It’s why you’re here. The specialist. The professional. The much needed fresh perspective. The creative energy your client needs to overcome the challenge that lays before them. After all, they aren’t designers, trained in colour theory with an in-depth understanding of user personas and the Bauhaus movement. But they are professionals in their own right and they have a view to share.
It can be easy for people to get lost in the soft, squishy world of the designer when colour palettes, fonts and visual treatments are being discussed. For a designer that’s pumped their heart and soul into an idea that gets shot down, it can be a bitter pill to swallow. Making sure conversations are always happening from the perspective of the end user will support your design rationale. The framing technique “it works because…” rather than “I like this because…” is a simple way to remove personal views and move forward based on project needs and goals. On top of this — and often the part that get’s forgotten — is learning to put yourself in your client’s shoes to realise their motivations and personal challenges beyond the design work that can directly or indirectly affect the feedback. Anything from opinions of more senior management, to past experiences or performance goals can play a part. Taking time to appreciate this will help you remain positive for the greater good of the work and show a higher level of understanding to your client.
So how can we improve communication with ‘us creative types’ to build stronger relationships with clients and fellow designers?
A design experience framework
In my experience, setting out a framework for the team can be a strong, positive foundation. Aligning the design team and client on simple criteria means less frustration and more productivity. Below I’ve adapted a set of principles I created for a recent project that covers visual, functional and emotional aspects to consider when creating and reviewing designs.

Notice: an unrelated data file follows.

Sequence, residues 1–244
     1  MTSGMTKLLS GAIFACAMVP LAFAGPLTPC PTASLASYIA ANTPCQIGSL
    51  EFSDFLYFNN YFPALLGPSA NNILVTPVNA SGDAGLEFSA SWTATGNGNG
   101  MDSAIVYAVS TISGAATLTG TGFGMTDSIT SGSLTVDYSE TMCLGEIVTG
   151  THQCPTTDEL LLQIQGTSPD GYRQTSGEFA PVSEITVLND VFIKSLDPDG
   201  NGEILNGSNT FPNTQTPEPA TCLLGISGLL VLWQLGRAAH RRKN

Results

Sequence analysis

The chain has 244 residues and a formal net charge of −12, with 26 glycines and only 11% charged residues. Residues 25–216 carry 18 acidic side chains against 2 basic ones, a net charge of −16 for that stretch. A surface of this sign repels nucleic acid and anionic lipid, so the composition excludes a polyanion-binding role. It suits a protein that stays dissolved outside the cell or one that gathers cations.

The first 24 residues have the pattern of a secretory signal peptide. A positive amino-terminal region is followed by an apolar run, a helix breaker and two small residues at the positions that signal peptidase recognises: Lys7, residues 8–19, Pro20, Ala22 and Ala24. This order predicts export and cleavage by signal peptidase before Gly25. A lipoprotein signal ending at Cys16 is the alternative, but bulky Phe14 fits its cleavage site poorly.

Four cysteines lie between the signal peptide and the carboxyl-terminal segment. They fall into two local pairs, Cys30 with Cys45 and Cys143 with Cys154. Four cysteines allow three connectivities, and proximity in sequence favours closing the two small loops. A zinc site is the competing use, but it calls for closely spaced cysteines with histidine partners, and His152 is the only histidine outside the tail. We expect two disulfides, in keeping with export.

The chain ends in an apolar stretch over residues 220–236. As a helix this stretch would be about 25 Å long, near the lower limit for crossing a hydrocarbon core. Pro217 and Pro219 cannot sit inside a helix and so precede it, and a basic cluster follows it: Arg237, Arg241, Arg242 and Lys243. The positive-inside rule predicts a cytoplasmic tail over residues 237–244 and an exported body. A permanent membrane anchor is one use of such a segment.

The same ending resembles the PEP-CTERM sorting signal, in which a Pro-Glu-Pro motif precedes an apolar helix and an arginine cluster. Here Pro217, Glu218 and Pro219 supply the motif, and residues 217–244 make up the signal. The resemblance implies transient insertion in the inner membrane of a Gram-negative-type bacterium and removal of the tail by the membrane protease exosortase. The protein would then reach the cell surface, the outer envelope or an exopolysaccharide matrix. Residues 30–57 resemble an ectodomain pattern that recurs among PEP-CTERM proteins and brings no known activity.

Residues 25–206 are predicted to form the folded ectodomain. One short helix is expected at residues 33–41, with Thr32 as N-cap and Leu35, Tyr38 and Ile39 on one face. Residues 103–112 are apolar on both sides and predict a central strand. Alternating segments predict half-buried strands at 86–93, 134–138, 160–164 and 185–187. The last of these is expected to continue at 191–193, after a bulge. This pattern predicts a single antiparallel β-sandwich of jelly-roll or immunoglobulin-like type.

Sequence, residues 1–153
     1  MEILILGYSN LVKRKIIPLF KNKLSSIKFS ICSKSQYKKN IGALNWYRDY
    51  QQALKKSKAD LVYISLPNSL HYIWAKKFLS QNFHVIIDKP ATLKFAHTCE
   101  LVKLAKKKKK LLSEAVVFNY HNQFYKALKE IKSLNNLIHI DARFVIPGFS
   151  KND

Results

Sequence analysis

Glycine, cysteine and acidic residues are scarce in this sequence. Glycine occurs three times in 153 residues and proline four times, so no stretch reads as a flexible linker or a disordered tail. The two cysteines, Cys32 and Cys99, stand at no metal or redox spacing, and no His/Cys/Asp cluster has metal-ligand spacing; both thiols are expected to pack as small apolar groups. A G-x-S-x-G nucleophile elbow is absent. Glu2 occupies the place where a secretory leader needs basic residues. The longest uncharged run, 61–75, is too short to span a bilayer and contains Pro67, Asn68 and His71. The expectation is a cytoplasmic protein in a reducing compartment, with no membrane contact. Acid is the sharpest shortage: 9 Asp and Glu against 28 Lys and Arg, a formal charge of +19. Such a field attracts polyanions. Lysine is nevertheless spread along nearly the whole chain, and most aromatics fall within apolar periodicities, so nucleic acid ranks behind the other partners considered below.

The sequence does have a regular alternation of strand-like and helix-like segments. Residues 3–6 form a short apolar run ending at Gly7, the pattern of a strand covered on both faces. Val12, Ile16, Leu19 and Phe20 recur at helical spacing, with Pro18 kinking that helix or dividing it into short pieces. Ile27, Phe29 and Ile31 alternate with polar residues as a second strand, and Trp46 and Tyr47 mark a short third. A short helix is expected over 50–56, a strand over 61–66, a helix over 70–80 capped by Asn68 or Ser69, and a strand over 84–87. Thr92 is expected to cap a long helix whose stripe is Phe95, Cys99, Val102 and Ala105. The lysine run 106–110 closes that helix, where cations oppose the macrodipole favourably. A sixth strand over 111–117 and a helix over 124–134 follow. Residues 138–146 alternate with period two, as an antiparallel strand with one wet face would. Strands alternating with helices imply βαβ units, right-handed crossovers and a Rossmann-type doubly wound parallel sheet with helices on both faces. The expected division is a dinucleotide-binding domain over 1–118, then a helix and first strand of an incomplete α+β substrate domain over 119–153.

The purpose is twofold; to establish the level of rigour involved in great design, and to be open and transparent with clients to the challenges faced by the design team.
1 — Does it put the user first?
The design should be familiar and create the best possible experience to address user needs and the primary user journey. Ask yourself, does the user care?
2 — Is the design purposeful?
The interface should be clear, direct and coherent. Does each element have a particular role?
3 — Can it be simplified?
The design should portray confidence and be considered in it’s approach. Strip away the unnecessary.
4 — Does it express the desired personality?
The visual language should be aligned with the values, positioning and drivers of the project. How does the design make you / the user feel?
5 — Have we thought ahead?
Rules require a structured system but should also be flexible and open to building a better onward experience. Are there future needs or adaptations that could be considered?
6 — Is the content king?
Design elements should support and deliver the content in the best possible way. Don’t let the design restrict the content.
7 — Are functions and actions clear?
Language is important and should guide the user on their journey. Buttons should feel like buttons. Are the signposts clear?
8 — Does it excite you?
Aim high with the design. Don’t always settle for an expected or out-of-the-box solution — push to be progressive and entertaining where possible.
9 — Is it efficient?
Consistency of scale and proportion throughout the design will make for a better experience and support content creators and developers. In partnership with pushing the design to be progressive, a balance should be found that manages time vs. effort for overall efficiency.
There’s no substitute for good old fashioned groundwork in building rapport and taking the time to really know your stuff.
Created to help guide design and feedback, this framework is far from unique or ‘complete’ — it will and should evolve over time. For me it’s proven useful in starting conversations and building stronger relationships within teams — and that really is the point here. Often all you need is a conversation starter. A nudge to guide you in a particular direction.